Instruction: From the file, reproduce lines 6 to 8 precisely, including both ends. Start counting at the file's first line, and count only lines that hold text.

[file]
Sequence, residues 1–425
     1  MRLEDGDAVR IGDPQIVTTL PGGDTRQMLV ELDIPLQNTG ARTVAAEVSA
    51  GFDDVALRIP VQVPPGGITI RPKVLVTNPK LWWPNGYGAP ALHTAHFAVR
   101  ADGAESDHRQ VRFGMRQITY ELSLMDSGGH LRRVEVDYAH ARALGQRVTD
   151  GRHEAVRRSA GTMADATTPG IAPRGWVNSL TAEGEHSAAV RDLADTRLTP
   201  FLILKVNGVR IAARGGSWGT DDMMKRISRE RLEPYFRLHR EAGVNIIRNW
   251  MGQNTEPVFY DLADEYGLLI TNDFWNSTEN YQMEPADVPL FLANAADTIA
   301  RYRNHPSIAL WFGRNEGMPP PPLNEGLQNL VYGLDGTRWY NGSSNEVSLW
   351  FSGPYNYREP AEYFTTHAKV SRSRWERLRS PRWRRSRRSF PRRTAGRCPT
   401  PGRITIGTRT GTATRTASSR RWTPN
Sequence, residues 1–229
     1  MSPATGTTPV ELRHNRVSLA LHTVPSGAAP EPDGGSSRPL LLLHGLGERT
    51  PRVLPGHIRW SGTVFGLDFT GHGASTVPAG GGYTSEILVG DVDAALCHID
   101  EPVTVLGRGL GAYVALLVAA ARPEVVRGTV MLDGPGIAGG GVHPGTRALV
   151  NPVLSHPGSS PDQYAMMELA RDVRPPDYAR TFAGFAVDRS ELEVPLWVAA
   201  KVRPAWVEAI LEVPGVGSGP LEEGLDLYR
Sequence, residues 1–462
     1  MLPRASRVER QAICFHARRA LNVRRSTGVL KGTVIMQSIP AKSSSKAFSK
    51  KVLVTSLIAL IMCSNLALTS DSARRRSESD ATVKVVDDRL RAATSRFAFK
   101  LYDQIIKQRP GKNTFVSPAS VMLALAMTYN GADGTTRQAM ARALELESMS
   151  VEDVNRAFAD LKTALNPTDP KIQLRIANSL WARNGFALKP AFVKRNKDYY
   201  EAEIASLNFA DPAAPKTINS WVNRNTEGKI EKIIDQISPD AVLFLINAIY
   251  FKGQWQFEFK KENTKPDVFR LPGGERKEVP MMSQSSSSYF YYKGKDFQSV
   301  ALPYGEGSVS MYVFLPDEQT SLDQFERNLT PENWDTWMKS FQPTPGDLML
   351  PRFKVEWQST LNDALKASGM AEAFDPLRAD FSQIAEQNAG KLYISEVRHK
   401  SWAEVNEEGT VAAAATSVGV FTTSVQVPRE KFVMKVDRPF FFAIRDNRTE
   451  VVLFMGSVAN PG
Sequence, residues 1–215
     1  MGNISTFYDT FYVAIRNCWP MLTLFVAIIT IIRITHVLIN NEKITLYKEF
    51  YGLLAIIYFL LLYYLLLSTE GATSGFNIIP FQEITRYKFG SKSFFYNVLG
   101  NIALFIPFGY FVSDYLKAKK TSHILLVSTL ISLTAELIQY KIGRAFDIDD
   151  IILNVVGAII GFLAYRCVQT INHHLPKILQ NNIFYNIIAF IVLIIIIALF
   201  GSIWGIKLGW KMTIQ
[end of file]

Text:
   201  FLILKVNGVR IAARGGSWGT DDMMKRISRE RLEPYFRLHR EAGVNIIRNW
   251  MGQNTEPVFY DLADEYGLLI TNDFWNSTEN YQMEPADVPL FLANAADTIA
   301  RYRNHPSIAL WFGRNEGMPP PPLNEGLQNL VYGLDGTRWY NGSSNEVSLW